Testing Finds That PFAS Chemicals Are Found in the Drinking Water of at Least 2 Million Michigan Residents

Per- and polyfluoroalkyl substances (PFAS) are a family of human-made chemicals that are found in a wide range of products used by consumers and industry. There are nearly 5,000 types of PFAS, some of which have been more widely used and studied than others. Many PFAS are resistant to grease, oil, water and heat. For this reason, beginning in the 1940’s, PFAS have been used in a variety of applications including in stain- and water-resistant fabrics and carpeting, cleaning products, paints, and fire-fighting foams. In addition, certain PFAS are authorized by the FDA for limited use in cookware, food packaging and processing.

The widespread use of PFAS and their ability to remain intact in the environment means that over time PFAS levels from past and current uses can result in increasing levels of environmental contamination. Accumulation of certain PFAS has also been shown to occur in humans and animals, as found through blood tests. While the science surrounding potential health effects of PFAS is developing, current evidence suggests that the bioaccumulation of certain PFAS may cause serious health conditions.

– Source: U. S. Food & Drug Administration

PFAS sites identified in Michigan.

Toxic “forever chemicals” found in drinking water throughout U.S.
The report found that 20 cities and regions nationwide — including Washington, D.C., Philadelphia, Miami and Louisville — contained high PFAS levels.

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State of Michigan Sues 17 Companies Over PFAS Chemicals.

On January 14, 2020 the state of Michigan filed suit against 17 companies, including 3M and DuPont, accusing them of contaminating the state with Per- and polyfluoroalkyl substances (PFAS), or “forever chemicals” (because they are so slow to break down in the environment).

The suit was filed in Washtenaw County Circuit Court.

“Companies that are responsible for these contaminants must be held accountable,” Gov. Gretchen Whitmer said. “Polluters must pay. It’s time that these companies step up and take responsibility and address what has taken place.”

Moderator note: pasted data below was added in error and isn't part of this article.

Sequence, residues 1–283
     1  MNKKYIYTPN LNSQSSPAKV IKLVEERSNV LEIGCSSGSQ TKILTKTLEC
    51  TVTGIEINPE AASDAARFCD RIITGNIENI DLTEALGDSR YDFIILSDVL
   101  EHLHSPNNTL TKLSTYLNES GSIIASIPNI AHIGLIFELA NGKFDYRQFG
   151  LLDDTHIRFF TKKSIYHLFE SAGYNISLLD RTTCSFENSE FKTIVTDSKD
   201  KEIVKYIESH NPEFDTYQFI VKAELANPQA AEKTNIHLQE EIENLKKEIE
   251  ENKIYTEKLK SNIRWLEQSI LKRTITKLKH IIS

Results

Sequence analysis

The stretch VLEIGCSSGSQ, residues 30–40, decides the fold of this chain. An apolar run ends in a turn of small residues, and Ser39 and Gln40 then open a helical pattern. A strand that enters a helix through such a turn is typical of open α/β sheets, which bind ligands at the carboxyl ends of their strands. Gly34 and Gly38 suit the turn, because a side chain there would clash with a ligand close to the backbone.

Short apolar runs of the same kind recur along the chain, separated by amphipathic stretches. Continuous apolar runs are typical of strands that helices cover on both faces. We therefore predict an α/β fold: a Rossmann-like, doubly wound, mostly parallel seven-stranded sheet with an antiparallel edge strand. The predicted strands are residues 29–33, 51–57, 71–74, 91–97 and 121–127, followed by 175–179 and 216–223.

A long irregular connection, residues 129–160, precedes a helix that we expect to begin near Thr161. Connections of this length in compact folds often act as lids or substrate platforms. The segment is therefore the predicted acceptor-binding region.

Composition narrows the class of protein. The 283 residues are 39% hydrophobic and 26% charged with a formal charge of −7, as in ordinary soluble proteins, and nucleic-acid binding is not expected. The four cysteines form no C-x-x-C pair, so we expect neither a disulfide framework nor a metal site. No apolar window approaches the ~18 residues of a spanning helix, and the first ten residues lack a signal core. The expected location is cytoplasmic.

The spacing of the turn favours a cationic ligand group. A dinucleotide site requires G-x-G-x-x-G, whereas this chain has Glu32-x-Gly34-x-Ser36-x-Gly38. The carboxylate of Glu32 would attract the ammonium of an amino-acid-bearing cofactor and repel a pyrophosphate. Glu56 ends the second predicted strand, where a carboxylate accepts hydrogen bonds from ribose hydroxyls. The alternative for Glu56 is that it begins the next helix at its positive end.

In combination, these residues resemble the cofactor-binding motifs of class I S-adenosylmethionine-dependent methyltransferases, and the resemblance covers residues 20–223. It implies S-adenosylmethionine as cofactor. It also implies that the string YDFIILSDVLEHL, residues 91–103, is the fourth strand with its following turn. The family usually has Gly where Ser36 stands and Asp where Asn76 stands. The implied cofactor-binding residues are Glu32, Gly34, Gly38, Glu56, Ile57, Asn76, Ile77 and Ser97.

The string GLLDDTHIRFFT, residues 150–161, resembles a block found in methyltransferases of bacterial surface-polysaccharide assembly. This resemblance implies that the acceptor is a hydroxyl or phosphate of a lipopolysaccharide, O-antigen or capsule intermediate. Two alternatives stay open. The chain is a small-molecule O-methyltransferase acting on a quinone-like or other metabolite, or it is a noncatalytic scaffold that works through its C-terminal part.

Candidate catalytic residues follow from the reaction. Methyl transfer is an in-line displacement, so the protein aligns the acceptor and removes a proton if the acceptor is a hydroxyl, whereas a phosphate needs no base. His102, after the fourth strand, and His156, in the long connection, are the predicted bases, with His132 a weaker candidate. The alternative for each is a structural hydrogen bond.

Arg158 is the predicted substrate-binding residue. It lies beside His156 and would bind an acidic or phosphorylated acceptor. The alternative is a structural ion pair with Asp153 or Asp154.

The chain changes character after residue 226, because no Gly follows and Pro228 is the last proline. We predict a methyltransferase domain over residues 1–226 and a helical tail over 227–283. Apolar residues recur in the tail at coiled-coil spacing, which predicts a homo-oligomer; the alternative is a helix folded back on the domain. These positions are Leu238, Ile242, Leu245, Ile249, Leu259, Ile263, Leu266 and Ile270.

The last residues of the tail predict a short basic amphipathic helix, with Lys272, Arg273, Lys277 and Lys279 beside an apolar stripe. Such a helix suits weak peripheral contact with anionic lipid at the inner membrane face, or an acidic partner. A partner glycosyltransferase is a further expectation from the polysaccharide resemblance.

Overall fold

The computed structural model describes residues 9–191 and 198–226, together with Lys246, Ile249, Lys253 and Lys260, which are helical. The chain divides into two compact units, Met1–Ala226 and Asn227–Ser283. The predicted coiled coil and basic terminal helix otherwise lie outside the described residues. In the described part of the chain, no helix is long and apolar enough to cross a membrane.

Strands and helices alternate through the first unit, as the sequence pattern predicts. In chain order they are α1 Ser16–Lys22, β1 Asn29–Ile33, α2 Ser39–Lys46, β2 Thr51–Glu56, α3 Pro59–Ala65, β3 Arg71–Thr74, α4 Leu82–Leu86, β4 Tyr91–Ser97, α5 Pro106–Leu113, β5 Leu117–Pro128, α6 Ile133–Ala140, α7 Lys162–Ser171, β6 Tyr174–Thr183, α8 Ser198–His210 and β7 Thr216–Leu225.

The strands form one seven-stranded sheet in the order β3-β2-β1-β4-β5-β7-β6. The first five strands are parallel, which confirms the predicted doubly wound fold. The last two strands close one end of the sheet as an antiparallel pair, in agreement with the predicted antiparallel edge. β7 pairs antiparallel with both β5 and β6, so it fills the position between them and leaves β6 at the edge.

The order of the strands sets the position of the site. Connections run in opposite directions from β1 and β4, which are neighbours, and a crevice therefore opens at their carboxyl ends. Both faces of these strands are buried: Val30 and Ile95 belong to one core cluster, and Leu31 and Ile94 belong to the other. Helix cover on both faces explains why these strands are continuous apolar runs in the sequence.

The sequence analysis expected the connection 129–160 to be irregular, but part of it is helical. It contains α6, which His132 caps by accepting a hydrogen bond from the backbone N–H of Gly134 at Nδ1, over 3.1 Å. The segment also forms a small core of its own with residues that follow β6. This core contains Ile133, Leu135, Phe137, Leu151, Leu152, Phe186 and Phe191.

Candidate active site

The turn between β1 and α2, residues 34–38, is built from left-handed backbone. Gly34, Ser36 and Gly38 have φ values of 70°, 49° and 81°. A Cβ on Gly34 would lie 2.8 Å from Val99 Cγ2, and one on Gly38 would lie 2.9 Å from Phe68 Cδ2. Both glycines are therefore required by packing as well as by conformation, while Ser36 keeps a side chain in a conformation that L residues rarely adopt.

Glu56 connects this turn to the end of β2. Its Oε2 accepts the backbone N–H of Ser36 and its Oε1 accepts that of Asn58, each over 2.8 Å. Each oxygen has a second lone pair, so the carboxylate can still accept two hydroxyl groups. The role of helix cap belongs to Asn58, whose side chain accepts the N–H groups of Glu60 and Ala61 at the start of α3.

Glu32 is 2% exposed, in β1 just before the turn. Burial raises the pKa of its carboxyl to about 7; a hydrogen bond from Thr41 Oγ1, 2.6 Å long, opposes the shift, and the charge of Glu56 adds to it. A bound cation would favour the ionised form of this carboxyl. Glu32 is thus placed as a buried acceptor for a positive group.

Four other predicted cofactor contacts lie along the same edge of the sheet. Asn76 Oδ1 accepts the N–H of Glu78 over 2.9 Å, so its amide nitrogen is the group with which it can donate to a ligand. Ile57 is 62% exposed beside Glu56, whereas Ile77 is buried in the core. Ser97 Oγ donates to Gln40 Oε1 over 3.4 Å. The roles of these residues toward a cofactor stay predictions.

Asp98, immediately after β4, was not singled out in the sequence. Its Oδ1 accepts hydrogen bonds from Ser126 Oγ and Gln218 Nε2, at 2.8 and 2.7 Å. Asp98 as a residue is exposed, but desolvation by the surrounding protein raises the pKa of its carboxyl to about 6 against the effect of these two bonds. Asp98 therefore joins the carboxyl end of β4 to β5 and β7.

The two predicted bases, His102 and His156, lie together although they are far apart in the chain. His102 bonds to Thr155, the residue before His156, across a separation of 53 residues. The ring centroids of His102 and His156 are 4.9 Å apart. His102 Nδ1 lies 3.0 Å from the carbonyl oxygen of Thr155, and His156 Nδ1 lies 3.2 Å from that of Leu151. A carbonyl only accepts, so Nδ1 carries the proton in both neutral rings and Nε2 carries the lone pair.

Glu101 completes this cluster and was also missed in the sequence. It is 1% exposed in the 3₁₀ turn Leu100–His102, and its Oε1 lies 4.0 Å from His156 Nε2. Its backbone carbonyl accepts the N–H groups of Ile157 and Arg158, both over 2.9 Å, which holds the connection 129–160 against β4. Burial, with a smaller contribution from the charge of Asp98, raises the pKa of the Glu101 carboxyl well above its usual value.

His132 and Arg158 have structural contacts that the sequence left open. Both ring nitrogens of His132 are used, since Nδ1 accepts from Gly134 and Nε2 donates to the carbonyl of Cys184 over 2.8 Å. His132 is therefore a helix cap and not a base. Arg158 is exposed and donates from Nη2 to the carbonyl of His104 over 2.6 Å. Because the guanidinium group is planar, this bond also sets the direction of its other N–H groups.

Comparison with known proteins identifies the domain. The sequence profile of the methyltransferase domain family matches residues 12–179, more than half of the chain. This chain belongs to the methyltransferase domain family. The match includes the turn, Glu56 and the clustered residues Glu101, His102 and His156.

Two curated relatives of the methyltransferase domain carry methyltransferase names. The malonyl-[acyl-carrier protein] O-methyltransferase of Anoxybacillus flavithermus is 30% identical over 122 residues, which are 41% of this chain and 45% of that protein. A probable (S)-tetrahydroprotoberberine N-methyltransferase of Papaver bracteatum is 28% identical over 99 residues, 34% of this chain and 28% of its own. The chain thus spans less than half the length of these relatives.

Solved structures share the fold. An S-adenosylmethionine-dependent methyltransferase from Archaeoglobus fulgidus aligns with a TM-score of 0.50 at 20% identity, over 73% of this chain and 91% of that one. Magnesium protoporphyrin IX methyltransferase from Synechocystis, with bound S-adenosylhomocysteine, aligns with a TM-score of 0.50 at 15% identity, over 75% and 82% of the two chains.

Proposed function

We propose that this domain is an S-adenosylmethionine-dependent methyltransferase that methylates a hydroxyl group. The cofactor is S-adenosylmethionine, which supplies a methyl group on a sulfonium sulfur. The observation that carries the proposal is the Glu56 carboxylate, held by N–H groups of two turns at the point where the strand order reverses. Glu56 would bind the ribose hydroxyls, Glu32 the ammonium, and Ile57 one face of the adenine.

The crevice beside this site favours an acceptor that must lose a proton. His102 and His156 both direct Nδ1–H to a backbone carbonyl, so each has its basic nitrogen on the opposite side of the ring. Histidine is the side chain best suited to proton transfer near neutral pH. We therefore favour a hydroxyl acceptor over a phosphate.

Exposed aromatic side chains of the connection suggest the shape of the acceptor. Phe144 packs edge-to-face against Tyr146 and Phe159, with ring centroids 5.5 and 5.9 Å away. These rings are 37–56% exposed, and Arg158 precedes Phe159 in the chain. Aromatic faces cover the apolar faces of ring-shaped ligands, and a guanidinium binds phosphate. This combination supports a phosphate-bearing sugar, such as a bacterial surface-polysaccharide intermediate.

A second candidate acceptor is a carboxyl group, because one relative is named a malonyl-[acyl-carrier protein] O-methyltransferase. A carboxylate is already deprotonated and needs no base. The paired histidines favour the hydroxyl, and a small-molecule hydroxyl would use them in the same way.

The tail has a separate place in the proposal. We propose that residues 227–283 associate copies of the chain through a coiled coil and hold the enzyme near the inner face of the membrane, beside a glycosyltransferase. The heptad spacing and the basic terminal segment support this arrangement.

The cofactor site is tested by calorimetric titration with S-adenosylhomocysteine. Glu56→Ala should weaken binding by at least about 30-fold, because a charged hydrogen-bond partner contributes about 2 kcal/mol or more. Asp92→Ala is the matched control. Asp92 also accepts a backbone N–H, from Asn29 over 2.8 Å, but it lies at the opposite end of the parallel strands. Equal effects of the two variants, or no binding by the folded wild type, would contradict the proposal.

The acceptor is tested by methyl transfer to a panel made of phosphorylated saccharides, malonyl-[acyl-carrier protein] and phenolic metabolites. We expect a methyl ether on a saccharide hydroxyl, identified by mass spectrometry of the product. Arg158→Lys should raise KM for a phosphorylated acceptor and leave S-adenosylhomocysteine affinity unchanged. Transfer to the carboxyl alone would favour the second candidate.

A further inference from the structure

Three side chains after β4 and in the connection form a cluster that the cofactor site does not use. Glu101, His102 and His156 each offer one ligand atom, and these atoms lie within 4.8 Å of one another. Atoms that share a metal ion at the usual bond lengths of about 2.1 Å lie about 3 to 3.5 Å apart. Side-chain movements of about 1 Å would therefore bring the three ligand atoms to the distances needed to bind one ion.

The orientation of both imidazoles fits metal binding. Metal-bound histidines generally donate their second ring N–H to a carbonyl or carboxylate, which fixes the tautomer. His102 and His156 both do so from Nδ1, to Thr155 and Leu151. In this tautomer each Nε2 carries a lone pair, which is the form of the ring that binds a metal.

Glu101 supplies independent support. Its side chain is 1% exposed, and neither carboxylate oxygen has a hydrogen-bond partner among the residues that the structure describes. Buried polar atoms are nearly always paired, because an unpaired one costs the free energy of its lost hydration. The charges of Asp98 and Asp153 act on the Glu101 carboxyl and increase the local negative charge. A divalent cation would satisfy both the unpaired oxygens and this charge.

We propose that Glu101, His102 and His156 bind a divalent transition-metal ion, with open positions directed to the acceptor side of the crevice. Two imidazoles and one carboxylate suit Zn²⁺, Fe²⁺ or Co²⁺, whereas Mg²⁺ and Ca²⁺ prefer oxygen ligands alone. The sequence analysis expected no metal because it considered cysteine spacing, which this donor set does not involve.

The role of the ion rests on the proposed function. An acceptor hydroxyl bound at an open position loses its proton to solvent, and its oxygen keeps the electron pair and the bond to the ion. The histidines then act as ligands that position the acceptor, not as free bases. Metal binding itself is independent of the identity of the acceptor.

Michigan Attorney General Dana Nessel decribed the lawsuit as “an important part of fighting PFAS contamination.” She said the companies knew or should have known about the dangers of PFA substances to human and animal health, but failed to disclose what they knew. Instead, the companies “went to great lengths to promote the lie” that the chemicals were safe, she said. 

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DuPont, 3M and other companies face numerous lawsuits around the country over PFAS contamination.
In Michigan, some of the most serious cases of PFAS contamination have been found around the former Wurtsmith Air Force Base in Oscoda, which used large volumes of firefighting foam containing PFAS; near the site of a former paper mill in Parchment, in Kalamazoo County, and near the site of a former shoe factory in Rockford, in Kent County. There also have been concerns about PFAS levels in treated drinking water in Ann Arbor, which draws most of its raw water from Barton Pond on the Huron River, which has had elevated PFAS levels.

Fanna Haile-Selassie, a 3M spokeswoman, said the company “acted responsibly in connection with products containing PFAS and will vigorously defend our record of environmental stewardship. To that end, we have placed thousands of documents in the public domain, including more than 150 published studies conducted by 3M and other researchers on potential environmental and health effects of PFAS.”

Environmental groups praised Tuesday’s action.

“We can’t have a strong, vibrant economy when citizens are forced to drink polluted water,” said Bob Allison, deputy director of the Michigan League of Conservation Voters.

In all, there are more than 70 PFAS sites in Michigan getting active attention from state officials, said Liesl Eichler Clark, director of the Department of Environment, Great Lakes and Energy.

The Free Press reported in December that Wolverine Worldwide, which operated a former Rockford shoe factory that for decades used PFAS compounds, causing widespread environmental contamination nearby, is nearing a $69.5-million settlement with the state of Michigan and Plainfield and Algoma townships.

Named as defendants in the suit are:

Minnesota Mining & Manufacturing Co, also known as 3M
DuPont, including DuPont de Nemours Inc., also known as “New DuPont”
The Chemours Co., a spinoff of DuPont, and its subsidiary, The Chemours Co. FC LLX
Corteva Inc., another DuPont spinoff
Dyneon LLC
Archroma entities
Arkema entities
AGC Chemicals Americas Inc.
Daikin Industries entities
Solvay Specialty Polymers, USA LLC
Asahi Kasei Plastics North America Inc.

State health officials no longer will be using federal health advisory guidelines for PFAS, which previously only targeted PFOS and PFOA at a combined 70-parts-per-trillion when found in drinking water.

The new health screening levels for drinking water in Michigan are:
PFOA: 9-ppt
PFOS: 8-ppt
PFNA: 9-ppt
PFHxS: 84-ppt
PFBS: 1,000-ppt

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